Due to the complexity of the space, we do not believe full automation is a desirable end goal and instead aim for around 80% automation, with a human analyst still involved in the process. This critically allows human judgment to always have an influence on the result and helps ensure the understandability of the results.
Additionally, when it comes to business loans, traditional lenders must assess a company’s ability to sustain a certain level of debt and repay the loans. This is where data science comes in. The only way for them to effectively assess trade credit risk is to use multiple sources of data – including unconventional or previously unavailable data – rather than relying solely on what they have used in the past. At OakNorth, we apply data science techniques to create unique models that provide the granular level of analysis for each borrower. By combining borrower-provided data with our extensive repository of external data, we are able to deepen ad hoc analysis and monitoring.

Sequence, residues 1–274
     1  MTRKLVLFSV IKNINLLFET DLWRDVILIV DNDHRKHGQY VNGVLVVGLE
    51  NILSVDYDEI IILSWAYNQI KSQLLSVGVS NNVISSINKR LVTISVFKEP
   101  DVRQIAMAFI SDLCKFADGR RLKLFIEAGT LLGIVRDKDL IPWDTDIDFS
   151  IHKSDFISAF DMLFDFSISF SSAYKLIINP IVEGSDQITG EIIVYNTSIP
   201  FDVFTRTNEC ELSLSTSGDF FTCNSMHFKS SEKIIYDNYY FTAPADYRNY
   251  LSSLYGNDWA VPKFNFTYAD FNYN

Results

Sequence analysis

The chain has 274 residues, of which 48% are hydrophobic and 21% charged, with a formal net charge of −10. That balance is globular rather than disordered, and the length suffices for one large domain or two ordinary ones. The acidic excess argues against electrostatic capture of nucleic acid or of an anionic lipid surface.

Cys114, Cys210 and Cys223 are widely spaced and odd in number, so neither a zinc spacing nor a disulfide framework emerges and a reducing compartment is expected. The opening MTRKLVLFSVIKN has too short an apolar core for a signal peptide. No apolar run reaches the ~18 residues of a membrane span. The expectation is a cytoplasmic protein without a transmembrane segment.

Develop a granular, loan-level understanding of a business
Traditional lenders tend to group all businesses into a dozen categories – for example, all restaurants, hotels, bars, leisure facilities, etc. fall under the category “hospitality and leisure”. There are a few problems with this approach – first, it ignores the unique differences between companies within the same industry, and second, human biases can mean that some relationship managers or teams are reluctant to lend to a specific company because ‘it comes from an industry with which they have had a negative credit experience in the past. This question has come to light over the past couple of years with COVID, as companies in similar industries or subsectors have had very different experiences at different stages of the pandemic. Take for example a golf club and an indoor climbing center in the same city – both would be classified as “physical leisure activities”, but their experiences over the past two years will have varied considerably. The golf club – which takes place outdoors, is played over huge social distances and where players bring their own clubs – will probably have been able to reopen and start trading much sooner than the climbing center in hall, which, being indoors, will have less fresh air, and which will see climbers touching the same holds in quick succession.